Liberty, the F24 that sailed this year (2020) after 4 years of restoration, was deemed by marine insurance surveyors to be beyond economic repair following damage to her starboard frames and planking. The injuries were caused through a bilge keel when bow waves from a passing vessel caused the keel to strike the ground.
The Finesse was manufactured with a choice of a drop keel or bilge keels. In reality, the drop keel was a default choice. Some had steel bilge keels as well, and these substantial items were designed to allow the boat to
stand upright when drying out. Each is attached to the hull by 5 pairs of bolts which pass through a wooden shoe (to adapt to the curvature of the hull). Inside, the bolts pass through the 4” x 1 1/4” bilge stringer which runs the length of the boat inside the frames. The space between the hull planks and the stringer is taken up by filling pieces. The bilge stringer construction is designed to withstand a force equivalent to a portion of the weight of the boat, since a boat without bilge keels will lie over on this part of the hull when drying out. The whole bilge keel structure is, therefore, extremely strong in compression.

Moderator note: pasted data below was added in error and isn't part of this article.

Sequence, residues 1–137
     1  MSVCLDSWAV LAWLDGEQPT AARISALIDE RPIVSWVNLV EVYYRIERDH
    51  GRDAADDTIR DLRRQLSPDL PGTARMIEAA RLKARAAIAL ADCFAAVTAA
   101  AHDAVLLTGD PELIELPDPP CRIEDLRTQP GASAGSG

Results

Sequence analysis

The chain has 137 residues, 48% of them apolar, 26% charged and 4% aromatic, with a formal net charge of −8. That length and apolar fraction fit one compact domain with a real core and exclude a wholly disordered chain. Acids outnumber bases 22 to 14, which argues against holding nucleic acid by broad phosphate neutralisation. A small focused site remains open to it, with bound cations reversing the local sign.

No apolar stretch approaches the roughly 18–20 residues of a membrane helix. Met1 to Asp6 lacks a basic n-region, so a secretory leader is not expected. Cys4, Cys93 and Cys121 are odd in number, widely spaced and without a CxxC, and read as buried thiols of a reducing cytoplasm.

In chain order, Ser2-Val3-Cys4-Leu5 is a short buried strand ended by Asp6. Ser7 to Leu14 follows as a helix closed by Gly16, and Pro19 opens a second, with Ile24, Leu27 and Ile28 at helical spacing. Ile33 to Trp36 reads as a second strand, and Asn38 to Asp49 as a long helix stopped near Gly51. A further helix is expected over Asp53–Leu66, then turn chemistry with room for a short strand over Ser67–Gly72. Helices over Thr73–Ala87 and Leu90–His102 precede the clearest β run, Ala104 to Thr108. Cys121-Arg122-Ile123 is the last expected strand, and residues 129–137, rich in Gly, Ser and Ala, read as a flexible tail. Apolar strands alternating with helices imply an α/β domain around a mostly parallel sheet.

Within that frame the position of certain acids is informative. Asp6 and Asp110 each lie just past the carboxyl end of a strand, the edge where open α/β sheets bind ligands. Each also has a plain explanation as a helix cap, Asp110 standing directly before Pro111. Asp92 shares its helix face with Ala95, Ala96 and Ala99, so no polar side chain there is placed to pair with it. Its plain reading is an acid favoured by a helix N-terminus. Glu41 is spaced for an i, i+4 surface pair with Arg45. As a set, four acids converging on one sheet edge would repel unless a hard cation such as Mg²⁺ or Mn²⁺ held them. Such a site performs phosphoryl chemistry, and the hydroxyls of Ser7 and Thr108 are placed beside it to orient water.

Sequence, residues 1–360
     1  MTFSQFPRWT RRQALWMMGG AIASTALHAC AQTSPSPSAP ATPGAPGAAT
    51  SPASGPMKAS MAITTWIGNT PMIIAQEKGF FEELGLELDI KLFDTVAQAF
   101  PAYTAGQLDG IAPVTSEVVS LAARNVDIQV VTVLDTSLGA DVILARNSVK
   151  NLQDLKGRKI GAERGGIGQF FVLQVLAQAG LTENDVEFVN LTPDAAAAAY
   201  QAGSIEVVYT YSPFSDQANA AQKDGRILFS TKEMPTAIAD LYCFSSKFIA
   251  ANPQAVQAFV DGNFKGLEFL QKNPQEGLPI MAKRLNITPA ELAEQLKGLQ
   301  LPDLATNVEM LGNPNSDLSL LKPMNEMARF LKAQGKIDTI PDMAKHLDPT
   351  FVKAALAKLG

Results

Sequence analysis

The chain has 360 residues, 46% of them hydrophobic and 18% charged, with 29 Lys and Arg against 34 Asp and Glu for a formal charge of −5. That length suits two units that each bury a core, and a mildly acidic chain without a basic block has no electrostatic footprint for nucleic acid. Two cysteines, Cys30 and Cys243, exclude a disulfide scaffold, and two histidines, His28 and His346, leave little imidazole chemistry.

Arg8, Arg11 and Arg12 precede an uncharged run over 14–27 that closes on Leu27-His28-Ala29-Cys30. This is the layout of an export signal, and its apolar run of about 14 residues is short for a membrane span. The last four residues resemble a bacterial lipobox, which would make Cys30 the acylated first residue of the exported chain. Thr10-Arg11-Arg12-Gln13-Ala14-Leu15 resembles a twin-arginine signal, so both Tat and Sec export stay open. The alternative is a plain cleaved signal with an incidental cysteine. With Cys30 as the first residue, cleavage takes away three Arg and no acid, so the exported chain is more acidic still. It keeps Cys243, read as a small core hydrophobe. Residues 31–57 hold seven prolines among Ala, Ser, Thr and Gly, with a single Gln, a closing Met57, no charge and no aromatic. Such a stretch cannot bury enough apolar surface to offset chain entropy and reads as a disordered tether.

The bilge keel option has advantages and disadvantages. They make drying out much more comfortable and they help upwind sailing without deploying the drop keel. On the other hand, a grounded boat cannot be freed by tilting over to reduce the draught; the keels can become foul with floating weed; they present a small increase in hull drag; and they add to the maintenance of the boat, requiring anodes for corrosion protection and periodic bolt renewals.
No-one was present when Liberty was damaged. The marine surveyor suggested that the planks and frames failed as a result of the starboard bilge keel being crushed inwards as the boat dropped off the bow wave. However, it seems more plausible to me that the keel dug into the ground and acted as a lever, temporarily twisting the bilge stringer in the centre of its length. In this scenario, the frames and planks were torn apart; there is evidence of copper fastenings being ripped out of their planks.
Whatever happened, it was obviously an extremely traumatic event for the boat. What lessons can be learned? A boat fitted with bilge keels needs sheltered conditions for drying out, that much is clear. Possibly the bilge keels are too robust- they could have acted as the weakest link and deformed sacrificially. There is food for though there for those who have these keels or for anyone considering retro-fitting them. As for Liberty- she has been sold to a Falmouth boatyard. The only repair scenario that made any sense was that the labour and boat-building skills would be supplied by her next owner.
My thanks to Hugh Brading, the previous owner, and to Martin Patten at Marine Techniques for sight of his damage survey. -DM